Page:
FIG. 2c shows, as a function of time t, the variation in the rigidity R2 of the second resin impregnating the strip employed according to the invention;
FIG. 2d shows, as a function of time t, the variation in the rigidity R1 of the first resin impregnating the skins of the preform of the sandwich composite panel.
FIGS. 3 and 4 illustrate embodiment variants of the sandwich composite panel in accordance with the present invention.
The present invention relates to a process for producing composite panels of the sandwich type, as well as to the sandwich composite panels obtained by implementing said process.
It is known that composite panels of the sandwich type consist of a thick cellular core (for example of the honeycomb type) fastened to two external skins, formed by fibers impregnated with polymerized resin and arranged on either side of said cellular core. In addition, it is known that such panels are being more and more frequently used, especially because of their high rigidity and their great dimensional stability, for producing structural elements, for example those intended for aircraft.
The cellular core of these panels may be metallic or organic, with honeycombed cells of square or hexagonal cross section. Such a cellular core has a high compressive strength in a direction orthogonal to its plane, but is not very good at withstanding compression parallel to its plane. As regards said skins, these may each be formed from plies composed of several superposed layers and consisting of fibers impregnated with thermosetting resin. The fibers constituting these plies may be woven or nonwoven and they are oriented in directions chosen according to the desired mechanical properties of the panels. Such fibers may be carbon fibers, glass fibers, kevlar (registered trademark) fibers, etc., depending on the application envisaged.
In order to manufacture such sandwich composite panels, the cellular core and the plies which cover its faces are placed inside an autoclave or similar device, in which the panel preform, consisting of said core and said plies, is subjected to a hot polymerization cycle under pressure. The pressure is, for example, obtained by placing said panel preform in an airtight case or vacuum bag in which a partial vacuum (a few tenths of a bar) is created and by applying a certain pressure to the outside of this airtight case (a few bar).
Along the borders of the panel, the plies covering both faces of the core and the flank of said cellular core are extended beyond the peripheral edge of said core and they are fastened together during polymerization, so as to create a peripheral border. Such a peripheral border enables the panel to be fixed to a support frame or to another panel by any fixing means such as bolts, rivets or adhesive.
When the panel preform is pressurized during polymerization, the periphery of said cellular core is critical region as regards correct adhesion of the skins to this core. The reason for this is that, in this region, the force due to the pressure exerted on the preform comprises a lateral component, oriented inwards parallel to the faces of the panel, which the cellular core cannot oppose with a sufficient counterpressure on account of its low compressive strength in this direction. Consequently, the cellular core tends to deform locally at its periphery, so that a satisfactory bond between the skins and this core cannot be obtained, such deformation increasing as the dimensions of the cells of said core increase.
Attempts have already been made to remedy this drawback.
For example, it has already been considered to deposit a film of intumescent adhesive on the edge of the cellular core. Thus, during hot polymerization, the intumescent adhesive increases in volume and fills the cells. In order to prevent any deformation occurring before this product has become sufficiently rigid, a system of strips is arranged laterally over the entire periphery of the panel and serves to transmit the pressure to the edges of the panel during polymerization. Such a known method of stiffening the borders results in an appreciable increase in the weight of the composite panels since the weight of the intumescent product approximately 80 grams per linear meter. In addition, the necessity of using a system of strips leads to having to use complicated tooling and to a relatively long manufacturing time, and consequently to an excessive cost which is further accentuated by the difficulties in automating this process in order to make it suitable for industrial-scale production.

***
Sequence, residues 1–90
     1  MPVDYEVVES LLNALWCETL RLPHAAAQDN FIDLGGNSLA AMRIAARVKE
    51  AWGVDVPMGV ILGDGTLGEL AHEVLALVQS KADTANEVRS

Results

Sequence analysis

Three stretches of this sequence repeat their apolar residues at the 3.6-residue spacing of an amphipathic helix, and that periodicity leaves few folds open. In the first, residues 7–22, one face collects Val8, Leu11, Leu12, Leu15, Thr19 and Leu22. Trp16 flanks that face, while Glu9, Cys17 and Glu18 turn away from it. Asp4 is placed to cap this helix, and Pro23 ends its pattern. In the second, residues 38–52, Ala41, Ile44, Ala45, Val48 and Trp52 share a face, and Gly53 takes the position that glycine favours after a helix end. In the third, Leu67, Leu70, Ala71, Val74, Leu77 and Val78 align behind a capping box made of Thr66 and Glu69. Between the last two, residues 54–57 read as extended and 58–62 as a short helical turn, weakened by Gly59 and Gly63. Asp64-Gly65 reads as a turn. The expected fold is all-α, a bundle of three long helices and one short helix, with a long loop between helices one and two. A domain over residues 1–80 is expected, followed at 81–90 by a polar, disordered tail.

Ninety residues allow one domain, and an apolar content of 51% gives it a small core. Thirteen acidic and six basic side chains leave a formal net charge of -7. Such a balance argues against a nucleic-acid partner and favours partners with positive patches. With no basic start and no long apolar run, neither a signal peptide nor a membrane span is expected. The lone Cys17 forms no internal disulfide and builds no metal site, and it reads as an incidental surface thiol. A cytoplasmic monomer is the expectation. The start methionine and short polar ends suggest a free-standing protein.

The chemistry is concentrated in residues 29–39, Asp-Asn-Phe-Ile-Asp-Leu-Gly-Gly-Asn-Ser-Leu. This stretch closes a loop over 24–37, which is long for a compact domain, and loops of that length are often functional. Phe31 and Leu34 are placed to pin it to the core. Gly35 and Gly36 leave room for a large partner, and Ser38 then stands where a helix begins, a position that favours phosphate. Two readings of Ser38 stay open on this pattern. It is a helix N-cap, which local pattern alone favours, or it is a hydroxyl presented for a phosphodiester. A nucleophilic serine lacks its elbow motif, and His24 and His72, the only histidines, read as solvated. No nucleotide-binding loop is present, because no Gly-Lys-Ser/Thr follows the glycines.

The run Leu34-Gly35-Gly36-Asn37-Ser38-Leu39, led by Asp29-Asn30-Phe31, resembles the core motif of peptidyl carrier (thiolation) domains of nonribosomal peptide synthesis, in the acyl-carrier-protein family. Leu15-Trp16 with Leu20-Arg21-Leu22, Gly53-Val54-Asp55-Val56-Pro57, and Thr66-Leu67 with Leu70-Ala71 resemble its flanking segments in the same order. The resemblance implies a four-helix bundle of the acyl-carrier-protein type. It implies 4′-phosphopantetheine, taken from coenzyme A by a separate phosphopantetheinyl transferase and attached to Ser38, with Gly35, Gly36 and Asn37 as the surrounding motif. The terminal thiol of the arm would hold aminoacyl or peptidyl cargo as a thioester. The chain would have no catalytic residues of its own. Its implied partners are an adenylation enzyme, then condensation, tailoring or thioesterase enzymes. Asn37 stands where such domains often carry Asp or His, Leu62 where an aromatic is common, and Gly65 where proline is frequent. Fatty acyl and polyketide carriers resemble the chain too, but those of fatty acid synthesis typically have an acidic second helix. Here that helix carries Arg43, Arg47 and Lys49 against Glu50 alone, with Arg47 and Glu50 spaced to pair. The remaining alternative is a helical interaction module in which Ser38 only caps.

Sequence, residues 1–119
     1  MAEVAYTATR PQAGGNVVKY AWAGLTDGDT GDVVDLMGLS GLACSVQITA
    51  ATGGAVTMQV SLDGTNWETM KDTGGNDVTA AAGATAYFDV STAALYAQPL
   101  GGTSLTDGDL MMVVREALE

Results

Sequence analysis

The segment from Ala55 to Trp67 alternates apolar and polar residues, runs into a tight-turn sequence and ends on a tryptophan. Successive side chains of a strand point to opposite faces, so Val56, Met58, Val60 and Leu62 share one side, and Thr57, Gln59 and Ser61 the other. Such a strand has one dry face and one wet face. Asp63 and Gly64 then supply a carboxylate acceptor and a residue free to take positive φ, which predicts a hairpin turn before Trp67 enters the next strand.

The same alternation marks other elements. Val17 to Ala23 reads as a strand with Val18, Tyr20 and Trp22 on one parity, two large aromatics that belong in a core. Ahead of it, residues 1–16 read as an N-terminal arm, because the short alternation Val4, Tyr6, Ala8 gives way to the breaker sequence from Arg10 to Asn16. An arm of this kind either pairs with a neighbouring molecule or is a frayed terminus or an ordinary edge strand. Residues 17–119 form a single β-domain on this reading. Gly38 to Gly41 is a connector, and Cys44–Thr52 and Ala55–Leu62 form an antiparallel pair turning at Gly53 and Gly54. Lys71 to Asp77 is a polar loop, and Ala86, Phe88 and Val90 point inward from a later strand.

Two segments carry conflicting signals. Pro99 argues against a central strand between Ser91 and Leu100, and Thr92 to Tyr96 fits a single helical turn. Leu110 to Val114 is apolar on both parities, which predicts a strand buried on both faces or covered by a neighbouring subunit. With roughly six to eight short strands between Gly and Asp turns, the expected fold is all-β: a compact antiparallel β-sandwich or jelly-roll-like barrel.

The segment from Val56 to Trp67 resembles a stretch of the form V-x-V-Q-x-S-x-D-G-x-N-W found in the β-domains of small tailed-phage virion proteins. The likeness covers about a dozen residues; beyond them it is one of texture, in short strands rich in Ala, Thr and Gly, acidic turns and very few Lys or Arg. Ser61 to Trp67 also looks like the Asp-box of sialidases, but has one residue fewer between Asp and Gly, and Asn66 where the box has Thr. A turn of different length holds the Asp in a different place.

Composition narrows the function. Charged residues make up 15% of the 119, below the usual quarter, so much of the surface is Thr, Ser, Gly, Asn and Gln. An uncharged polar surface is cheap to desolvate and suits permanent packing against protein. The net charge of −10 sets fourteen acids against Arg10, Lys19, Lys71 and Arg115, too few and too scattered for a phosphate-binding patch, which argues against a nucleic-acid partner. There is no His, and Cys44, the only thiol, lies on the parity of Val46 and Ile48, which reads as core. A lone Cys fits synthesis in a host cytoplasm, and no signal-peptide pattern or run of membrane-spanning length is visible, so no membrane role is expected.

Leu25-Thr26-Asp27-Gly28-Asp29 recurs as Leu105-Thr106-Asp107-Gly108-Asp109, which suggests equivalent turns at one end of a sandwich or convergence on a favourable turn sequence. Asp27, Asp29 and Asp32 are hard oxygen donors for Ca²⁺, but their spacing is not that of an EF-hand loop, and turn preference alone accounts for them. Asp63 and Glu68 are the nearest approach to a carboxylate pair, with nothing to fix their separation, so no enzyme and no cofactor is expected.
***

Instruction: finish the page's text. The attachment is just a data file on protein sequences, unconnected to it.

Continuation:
As regards Patent EP-A-0,311,931, this describes a process consisting in arranging a honeycombed frame, the cells of which are arranged in a direction inclined with respect to the plane of the panel, on the periphery of the honeycombed core and in cutting this frame in a bevel so as to form a peripheral flank substantially normal to this inclined direction. Such a process enables a panel to be obtained in which the flank is reinforced without any increase in weight, but the manufacturing time remains relatively long, the cost of the panel remains relatively high and automated manufacture is difficult to implement.
Moreover, Patent FR-A-2,658,116 describes a process consisting in cutting the edge of said cellular core in a bevel, in depositing a film of hotmelt adhesive on the edge thus cut, in heating this film of adhesive so as to liquefy the latter and to cause it to be deposited by capillary effect on those walls of said core which are adjacent to the cut edge, and then in cooling the hotmelt adhesive so as to cause it to become rigid and to stiffen the walls of the core adjacent to the cut edge.
This latter process enables the edge of said core to be sufficiently strengthened so that the latter can support the pressure applied during polymerization, without incurring too high a weight penalty, and for a manufacturing time which is substantially shorter than that for the other known processes, so as to result in a significant reduction in the manufacturing cost and in the scrap rates, it being possible furthermore for this process to be automated within the context of industrial-scale manufacture of the panels. However, such a process requires the edge of the core to be cut in a bevel, the angle of said bevel preferably being between 25